Healthcare providers see patients during life-altering moments when they are diagnosed and treated for serious illnesses. While the immediate concerns often center on day-to-day medical interventions, the act of healing extends beyond addressing the physical malady—because the impact of illnesses reverberates the core of an individual, or their global meaning. What is a singer to do if she loses her voice from the cancer and subsequent treatment? What about a husband and father who is the sole provider for his family and can no longer work because of illness? When patients’ core identities are challenged through life-threatening illnesses, treating the disease is a crucial first step, but intentionally providing space for conversations on the impact of illness and meaning making can facilitate the process of healing. The presence of a caregiver, family, and friends seem to allow patients to maintain purpose and have meaning, supporting the ability to cope with the life altering situation.
Little research exists to substantiate relationships as a conduit to develop meaning in the process of psychosocial spiritual healing. However, Kaptchuk and Eisenberg (38) propose that a vital component of healing is connectivity, which often manifests as compassion, adding value to the importance of relationships. Other literature speaks of healing relationships that foster a sense of belonging and safety giving patients a sense of empowerment (39).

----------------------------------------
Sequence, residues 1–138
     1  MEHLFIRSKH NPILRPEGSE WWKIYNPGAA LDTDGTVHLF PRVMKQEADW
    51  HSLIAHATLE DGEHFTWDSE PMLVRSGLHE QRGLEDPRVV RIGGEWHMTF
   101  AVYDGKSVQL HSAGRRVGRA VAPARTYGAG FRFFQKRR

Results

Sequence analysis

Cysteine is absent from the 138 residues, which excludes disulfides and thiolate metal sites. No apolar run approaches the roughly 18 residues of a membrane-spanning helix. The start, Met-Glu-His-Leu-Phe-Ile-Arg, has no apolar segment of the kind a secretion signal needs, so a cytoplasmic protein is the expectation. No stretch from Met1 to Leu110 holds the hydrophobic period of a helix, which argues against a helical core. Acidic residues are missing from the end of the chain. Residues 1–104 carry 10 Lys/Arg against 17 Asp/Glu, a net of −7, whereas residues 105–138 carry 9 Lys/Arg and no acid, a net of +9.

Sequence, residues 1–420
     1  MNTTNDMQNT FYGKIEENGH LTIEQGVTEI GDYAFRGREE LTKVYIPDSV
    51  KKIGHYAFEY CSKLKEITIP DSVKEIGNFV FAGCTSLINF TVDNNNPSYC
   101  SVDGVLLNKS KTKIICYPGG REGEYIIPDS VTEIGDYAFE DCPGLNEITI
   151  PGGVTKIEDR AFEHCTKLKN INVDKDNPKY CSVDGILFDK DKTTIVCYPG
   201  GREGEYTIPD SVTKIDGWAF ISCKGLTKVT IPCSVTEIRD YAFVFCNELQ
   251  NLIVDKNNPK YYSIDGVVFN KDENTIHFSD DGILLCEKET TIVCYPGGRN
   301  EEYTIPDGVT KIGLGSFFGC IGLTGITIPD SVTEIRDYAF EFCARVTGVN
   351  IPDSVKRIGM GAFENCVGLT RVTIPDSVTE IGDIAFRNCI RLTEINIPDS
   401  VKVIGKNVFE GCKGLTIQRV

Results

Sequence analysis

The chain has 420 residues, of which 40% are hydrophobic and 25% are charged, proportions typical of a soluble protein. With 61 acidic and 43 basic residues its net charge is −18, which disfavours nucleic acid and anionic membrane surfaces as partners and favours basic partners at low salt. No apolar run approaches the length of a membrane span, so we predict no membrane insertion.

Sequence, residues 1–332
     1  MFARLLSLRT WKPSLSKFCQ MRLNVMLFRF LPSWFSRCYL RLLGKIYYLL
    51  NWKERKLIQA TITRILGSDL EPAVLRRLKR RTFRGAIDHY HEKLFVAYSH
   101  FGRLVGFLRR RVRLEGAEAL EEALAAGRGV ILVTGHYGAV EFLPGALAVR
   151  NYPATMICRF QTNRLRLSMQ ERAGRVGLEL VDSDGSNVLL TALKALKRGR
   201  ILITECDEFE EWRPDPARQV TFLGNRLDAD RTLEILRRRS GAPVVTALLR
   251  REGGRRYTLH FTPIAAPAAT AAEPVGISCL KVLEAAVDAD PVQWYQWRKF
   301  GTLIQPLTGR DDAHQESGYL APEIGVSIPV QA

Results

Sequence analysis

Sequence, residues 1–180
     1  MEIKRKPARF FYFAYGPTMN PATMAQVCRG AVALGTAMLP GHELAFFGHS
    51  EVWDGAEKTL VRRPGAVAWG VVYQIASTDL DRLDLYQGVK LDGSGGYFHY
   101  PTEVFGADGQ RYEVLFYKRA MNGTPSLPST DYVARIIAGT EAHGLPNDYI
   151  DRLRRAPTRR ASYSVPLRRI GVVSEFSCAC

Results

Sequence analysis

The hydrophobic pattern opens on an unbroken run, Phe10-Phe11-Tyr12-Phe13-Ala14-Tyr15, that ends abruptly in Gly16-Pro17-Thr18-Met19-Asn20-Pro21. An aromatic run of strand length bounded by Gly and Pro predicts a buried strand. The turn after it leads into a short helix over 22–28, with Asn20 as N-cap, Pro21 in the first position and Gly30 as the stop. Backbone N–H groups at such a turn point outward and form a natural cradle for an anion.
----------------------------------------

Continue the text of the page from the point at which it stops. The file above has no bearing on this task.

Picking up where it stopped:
This research helps provide preliminary evidence of what mechanisms are involved in the healing process (i.e., the focusing on relationships). Though, not all responses mentioned value changes in relationships post diagnosis, one participant stated there was “an appreciation for others’ lives” after diagnosis; while another spoke of an effort to “keep the relationships going”.
Of interest is that in the quantitative portion of this study most agreed that relationships with others is an important aspect of developing meaning after diagnosis of a life limiting illness. Specifically, 80% of participants agreed that relationships with others had deepened since diagnosis, 81% agreed that relationships with friends were more meaningful, and 86% felt that family relationships had become more meaningful.
Future investigations could explore relationships as a variable in finding meaning during life limiting illness, particularly among patients and their loved-ones or among patients and their physicians. Upon further validation, the HEALS assessment could serve as a diagnostic tool to identify the strengths of patient relationships, which will be helpful for health care professionals as they attempt to provide holistic, patient-centered care.
The authors would like to acknowledge the patients and staff at the NIH Clinical, The Johns Hopkins Medicine Suburban Hospital and the Mobile Medical Center Inc. for supporting the efforts of this project. The Intramural Research Program of the NIH, Clinical Center supported this research.
Conflicts of Interest: The authors have no conflicts of interest to declare.
Ethical Statement: The study was approved by the Institutional Review Boards and written informed consent was obtained from all patients.